By Peter Permell
LAST Friday, Deloitte Consulting Ltd (Barbados), the judicial manager of CLICO International Life Insurance Limited (CIL ) issued a statement indicating it had received sanction from the High Court of Barbados to pursue a restructuring plan for the company.
“The proposed plan,” it said, “will result in a write-down in value of all policyholders’ liabilities (traditional policies and EFPAs) to match the estimated value of the company’s net available assets . . . .
“The judicial manager reported that it had examined and explored several funding options with regional governments, including most recently the possibility of issuing of a bond backed by sovereign guarantees from Barbados and Eastern Caribbean governments.
“However, after further consultations with regional governments and potential investors, this option was deemed not to be viable, given current market conditions . . . . In view of these considerations the judicial manager believes that the proposed restructuring plan is the best option available for policyholders at this time.
“The judicial manager will now be seeking the support of regional regulators and other court-appointed judicial managers to implement the proposed restructuring plan . . . .”
The Clico Policyholders Group (CPG) is very disappointed, but not surprised, by this unfortunate turn of events with regard to our counterparts in Barbados as this is clearly your classic case of “Peter pays for Paul and Paul pays for all”.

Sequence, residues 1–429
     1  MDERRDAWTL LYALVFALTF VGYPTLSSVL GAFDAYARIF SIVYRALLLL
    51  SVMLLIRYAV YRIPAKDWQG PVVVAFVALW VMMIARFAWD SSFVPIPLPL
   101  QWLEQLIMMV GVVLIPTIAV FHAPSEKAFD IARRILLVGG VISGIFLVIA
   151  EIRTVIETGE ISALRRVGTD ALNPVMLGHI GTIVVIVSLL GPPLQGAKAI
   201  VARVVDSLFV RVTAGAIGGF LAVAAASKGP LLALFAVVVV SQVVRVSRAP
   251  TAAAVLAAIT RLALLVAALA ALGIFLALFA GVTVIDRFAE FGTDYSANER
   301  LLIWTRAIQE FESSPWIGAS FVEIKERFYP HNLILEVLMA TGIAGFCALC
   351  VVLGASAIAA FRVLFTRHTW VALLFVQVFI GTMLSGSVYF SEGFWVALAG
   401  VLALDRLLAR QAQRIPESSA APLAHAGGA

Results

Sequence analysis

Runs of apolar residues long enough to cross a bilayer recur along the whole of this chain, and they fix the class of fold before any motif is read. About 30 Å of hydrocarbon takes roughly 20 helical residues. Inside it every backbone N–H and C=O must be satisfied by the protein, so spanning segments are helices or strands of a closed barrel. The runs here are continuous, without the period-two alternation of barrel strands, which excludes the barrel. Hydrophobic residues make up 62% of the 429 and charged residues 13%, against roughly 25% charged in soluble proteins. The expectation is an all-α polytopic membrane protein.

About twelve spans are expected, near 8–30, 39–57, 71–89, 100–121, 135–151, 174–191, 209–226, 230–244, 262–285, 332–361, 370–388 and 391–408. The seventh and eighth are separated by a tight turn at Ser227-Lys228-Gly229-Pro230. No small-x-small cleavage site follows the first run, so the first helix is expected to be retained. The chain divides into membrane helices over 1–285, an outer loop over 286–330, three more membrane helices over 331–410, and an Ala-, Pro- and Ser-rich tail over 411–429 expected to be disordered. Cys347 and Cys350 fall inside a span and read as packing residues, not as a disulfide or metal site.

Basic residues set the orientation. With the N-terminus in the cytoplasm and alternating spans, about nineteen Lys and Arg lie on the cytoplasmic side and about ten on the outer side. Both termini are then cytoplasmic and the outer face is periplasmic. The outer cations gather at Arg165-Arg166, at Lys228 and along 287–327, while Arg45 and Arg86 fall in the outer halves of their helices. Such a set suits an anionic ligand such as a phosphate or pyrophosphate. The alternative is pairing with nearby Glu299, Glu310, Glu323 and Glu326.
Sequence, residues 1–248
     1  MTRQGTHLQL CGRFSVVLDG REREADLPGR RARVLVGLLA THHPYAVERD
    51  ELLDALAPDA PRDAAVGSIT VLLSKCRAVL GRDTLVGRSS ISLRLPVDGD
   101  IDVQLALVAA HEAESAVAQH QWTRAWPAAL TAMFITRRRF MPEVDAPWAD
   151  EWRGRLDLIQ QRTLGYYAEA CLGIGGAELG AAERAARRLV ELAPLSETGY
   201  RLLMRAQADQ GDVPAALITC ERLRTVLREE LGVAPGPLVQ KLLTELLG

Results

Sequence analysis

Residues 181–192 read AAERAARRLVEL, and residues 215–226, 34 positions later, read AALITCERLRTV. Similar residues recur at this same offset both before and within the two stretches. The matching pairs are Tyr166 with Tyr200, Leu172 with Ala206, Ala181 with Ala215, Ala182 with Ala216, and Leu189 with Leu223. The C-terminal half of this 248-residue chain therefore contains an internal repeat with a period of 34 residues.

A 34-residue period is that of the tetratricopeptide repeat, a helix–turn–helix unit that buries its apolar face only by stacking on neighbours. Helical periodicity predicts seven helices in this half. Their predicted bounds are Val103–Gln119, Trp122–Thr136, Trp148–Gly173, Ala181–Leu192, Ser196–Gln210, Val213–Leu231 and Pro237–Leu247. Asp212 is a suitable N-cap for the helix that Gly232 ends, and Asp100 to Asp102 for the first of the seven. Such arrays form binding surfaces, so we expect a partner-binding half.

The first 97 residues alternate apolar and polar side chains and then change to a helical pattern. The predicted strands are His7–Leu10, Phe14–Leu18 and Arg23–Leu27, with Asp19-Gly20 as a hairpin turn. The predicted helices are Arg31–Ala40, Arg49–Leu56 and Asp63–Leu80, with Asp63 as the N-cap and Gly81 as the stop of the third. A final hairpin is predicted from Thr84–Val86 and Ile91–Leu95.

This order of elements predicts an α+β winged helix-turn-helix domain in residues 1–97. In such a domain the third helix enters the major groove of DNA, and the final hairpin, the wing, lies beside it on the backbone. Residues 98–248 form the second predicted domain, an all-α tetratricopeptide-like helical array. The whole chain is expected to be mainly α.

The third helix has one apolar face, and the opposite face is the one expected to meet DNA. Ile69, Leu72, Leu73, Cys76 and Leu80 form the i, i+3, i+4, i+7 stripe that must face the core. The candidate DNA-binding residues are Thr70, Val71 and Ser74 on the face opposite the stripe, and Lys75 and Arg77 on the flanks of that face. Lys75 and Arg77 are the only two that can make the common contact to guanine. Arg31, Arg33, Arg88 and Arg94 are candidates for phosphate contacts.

There are some interesting parallels with what has happened in Barbados and what could have happened in Trinidad and Tobago – which, on reflection, we were only able to avoid because of the CPG’s robust and unyielding representation.
The Trinidad policyholders must never forget that we would have suffered the same fate as Barbados, with perhaps, at best between 50 and 60 cents on the dollar, had we not been able to “stridently persuade” the Government to change/upgrade its original offer of $75 000 and zero-coupon bonds over 20 years to include the soon to be launched Clico Investment Fund (NEL 2).
It is clear that these Barbados policyholders are the innocent victims, the sacrificial lambs now being hauled, kicking and screaming, to the slaughter on the altar.
We encourage our Bajan brothers and sisters not to give up the struggle, and remind them of the old maxim “the race is not given to the swift nor the battle to the strong but he who endures to the end”.